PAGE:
6. No, I just already gave my reasons. I don't think the beard thing was that big of a deal, especially when there was a reasonable alternative. Look, I have no trouble conceding a point that the evidence convinces me of. I think I've shown that in my previous posts. But in this case, I just think we have to disagree. I think the best way to prove my point is this: http://www.drosi.de/wot/wt_faq.htm This is the WOT faq from 1996. So it was current up to LOC and COS. It presents every theory and discussion that had taken place over months and (in the case of LOC and previous books) years. It presents the best understanding that the most hardcore of fans online had concerning the WOT and its mysteries, prophecies and so on. Scroll to section 1.43 and the discussion of Taim. I reread that section to review. You'll notice that as of 1996, no discussion is made of the Minion-Taim theory. No connection between Demandred and Taim is made EXCEPT THAT Demandred IS TAIM!! Period. At most, the other alternative was that he might be a dark friend (63%) or that he and Demandred may have similar character traits (arrogance, not prone to smile, etc- certainly not unique in Randland). But no other connection between Demandred and Taim was noticed in 2 years of heated and fiercly debated discussion and use of books 6 and 7. None. And I will bet that if I track down the post-POD (1998) faq it won't show any minion-Taim theory either. I think that puts paid to the the argument that by LOC and COS, Minion-Taim was a better alternative than Taimandred. Obviously, not everyone believe Taimandred. But NO ONE mentioned Minion-Taim. The consensus was he was either Demandred, Taim, or some other random forsaken (including Osangar at 1%). The fact is, Minion-Taim only became the best (and next obvious theory) AFTER Taimandred had been debunked by both RJ's comments and WH. Then is when Minion-Taim was born (which can be seen in THIS faq from 2004- (post COT) http://web.archive.org/web/20040307160245/http://www.steelypips.org/wotfaq/1_dark/1.1_forsaken1/1.1.5_taimandred.html) Regarding Graendal's being the best suspect, again I refer you to that 1996 faq, section 1.11- Who killed JoaR? The 1996 WOT consensus placed Lanfear at 24% and Graendal at 1%. Moreover, the view regarding WHY RJ kept things so underwraps could best be summed up here: Bottom line, my interpretation and recollection of events and what was obvious AT THE TIME is as I have always stated. I was there. I know what people picked up on and what they didn't. I know what was obvious (without the benefit of hindsight or the later books.) BTW, that FAQ is kind of funny to check out- to see what clues where picked up on and what weren't, what people thought might be important and what they missed. IT's pretty cool actually. I apologize if this seems to imply that I was saying that Olver on existed as a red herring. That is not what I meant. But if RJ was aware of the connection of Olver and Cain (and that that was also intended as a red herring, in addition to the plot elements he served) then it is inconceivable to me that he didn't, especially when writing Taim and Demandred in LOC and COS not know how what he was doing was going to be interpreted. The fact that NO CONNECTION between Taim and Demandred was picked up on EXCEPT FOR TAIMANDRED only serves to highlight this point.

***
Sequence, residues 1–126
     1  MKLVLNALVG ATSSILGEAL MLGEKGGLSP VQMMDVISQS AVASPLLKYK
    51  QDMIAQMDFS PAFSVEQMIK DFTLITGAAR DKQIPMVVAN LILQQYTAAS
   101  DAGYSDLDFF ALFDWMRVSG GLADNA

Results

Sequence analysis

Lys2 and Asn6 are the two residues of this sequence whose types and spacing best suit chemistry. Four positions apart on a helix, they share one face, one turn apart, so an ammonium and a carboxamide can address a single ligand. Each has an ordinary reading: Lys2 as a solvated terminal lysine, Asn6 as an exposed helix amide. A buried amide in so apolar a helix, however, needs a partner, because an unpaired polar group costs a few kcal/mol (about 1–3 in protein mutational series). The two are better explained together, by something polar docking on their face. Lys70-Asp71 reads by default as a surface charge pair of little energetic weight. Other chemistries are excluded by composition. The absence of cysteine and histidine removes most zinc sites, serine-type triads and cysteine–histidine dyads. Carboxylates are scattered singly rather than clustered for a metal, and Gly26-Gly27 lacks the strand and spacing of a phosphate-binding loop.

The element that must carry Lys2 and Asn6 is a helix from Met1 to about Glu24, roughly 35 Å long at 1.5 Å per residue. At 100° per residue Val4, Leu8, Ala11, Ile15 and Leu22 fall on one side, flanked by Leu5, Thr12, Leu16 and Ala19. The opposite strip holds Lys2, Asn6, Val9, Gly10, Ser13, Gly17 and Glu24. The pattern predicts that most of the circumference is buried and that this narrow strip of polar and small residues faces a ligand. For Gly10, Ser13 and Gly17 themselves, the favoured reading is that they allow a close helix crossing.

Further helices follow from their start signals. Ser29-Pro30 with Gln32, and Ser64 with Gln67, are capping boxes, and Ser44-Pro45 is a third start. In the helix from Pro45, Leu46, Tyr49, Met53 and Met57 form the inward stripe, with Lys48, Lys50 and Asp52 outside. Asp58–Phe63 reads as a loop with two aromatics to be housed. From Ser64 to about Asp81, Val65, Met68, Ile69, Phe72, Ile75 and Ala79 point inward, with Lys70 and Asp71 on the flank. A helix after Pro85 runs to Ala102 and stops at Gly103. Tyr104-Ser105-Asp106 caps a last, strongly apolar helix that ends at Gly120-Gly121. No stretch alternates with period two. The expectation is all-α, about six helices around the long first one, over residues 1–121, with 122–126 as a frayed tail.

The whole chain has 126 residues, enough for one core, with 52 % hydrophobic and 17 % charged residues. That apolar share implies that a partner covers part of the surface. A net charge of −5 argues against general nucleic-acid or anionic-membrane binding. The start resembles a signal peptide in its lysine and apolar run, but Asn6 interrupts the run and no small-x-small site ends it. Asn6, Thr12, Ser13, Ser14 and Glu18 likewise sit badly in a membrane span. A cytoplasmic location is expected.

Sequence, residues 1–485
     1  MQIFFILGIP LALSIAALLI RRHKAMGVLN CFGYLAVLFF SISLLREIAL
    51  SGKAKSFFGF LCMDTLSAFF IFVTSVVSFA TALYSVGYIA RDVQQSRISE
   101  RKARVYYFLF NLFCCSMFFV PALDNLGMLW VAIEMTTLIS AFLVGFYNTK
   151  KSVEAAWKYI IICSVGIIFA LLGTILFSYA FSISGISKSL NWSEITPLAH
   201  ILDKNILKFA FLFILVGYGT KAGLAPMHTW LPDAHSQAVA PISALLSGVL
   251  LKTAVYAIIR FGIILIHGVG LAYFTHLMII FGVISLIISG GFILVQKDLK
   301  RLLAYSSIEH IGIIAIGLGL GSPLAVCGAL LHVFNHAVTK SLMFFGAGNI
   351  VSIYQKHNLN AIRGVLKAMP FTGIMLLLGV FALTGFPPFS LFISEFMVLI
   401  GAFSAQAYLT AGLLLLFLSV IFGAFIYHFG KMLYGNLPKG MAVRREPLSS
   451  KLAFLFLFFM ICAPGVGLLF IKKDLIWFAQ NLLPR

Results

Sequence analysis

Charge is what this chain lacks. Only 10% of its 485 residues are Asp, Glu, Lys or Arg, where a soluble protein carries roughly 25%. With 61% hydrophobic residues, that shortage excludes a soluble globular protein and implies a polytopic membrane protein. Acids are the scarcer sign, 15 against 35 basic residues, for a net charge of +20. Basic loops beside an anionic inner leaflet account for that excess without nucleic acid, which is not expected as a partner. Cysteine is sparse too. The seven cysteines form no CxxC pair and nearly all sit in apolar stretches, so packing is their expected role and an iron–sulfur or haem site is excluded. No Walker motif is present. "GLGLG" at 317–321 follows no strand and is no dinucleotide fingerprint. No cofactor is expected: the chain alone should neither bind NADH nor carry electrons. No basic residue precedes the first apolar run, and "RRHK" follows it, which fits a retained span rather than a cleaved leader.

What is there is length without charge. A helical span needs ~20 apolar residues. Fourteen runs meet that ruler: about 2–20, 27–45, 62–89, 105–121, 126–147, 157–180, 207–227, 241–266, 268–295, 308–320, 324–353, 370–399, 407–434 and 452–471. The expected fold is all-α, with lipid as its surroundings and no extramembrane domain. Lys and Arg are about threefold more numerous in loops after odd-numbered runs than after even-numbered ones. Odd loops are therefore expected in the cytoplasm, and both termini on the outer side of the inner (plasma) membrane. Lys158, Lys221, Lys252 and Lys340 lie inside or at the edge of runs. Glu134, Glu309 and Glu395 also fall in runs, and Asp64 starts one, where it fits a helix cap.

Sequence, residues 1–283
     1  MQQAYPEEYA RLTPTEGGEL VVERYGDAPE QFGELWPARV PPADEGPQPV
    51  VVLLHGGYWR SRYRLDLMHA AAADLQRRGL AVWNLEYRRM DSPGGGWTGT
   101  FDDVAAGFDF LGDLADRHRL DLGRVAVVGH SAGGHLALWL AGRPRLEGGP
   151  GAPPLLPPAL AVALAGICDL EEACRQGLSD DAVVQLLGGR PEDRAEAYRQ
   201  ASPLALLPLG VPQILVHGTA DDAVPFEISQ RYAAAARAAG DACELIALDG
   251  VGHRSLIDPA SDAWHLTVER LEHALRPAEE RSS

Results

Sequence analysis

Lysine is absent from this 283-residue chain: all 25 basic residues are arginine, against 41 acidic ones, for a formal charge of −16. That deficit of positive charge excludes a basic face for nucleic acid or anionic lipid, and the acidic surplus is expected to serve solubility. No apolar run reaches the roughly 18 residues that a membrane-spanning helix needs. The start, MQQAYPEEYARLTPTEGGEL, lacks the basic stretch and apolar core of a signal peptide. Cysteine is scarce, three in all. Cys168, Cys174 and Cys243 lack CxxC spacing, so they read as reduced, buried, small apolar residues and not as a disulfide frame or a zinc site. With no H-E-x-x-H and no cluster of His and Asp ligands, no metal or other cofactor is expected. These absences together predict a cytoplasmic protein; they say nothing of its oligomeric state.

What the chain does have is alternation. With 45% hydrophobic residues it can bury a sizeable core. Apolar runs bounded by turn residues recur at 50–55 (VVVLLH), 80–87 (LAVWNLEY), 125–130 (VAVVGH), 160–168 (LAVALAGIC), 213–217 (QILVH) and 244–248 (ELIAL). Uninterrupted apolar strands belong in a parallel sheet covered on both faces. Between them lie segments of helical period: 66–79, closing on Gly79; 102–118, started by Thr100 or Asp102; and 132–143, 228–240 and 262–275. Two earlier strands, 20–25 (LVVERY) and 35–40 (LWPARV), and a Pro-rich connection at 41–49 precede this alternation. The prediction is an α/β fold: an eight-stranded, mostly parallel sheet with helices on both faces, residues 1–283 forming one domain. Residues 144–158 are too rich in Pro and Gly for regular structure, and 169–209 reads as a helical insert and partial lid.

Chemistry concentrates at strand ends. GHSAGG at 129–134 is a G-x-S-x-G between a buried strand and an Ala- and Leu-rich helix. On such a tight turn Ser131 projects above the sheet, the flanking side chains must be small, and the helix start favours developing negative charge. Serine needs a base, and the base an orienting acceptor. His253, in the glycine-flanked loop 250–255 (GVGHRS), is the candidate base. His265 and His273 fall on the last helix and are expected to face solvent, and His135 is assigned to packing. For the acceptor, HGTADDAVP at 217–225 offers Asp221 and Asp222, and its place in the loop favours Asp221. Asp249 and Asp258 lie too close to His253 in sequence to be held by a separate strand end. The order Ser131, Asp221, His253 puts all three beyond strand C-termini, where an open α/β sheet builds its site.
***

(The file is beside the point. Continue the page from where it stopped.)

7. Slayer was not Luc. Slayer could be (and was) himself in TAR, the Isam personality. So it doesn't seem that he needed to add a Luc soul to somehow share the load. The problem we have no idea how he was made, why, what was the purpose of the merger, and so forth. So in the end, just another unanswered question. I mean, he was mentioned as far back as TGH in the Dark Prophecy. It's would've been nice to know why he merited and/or required such attention from both the light and dark.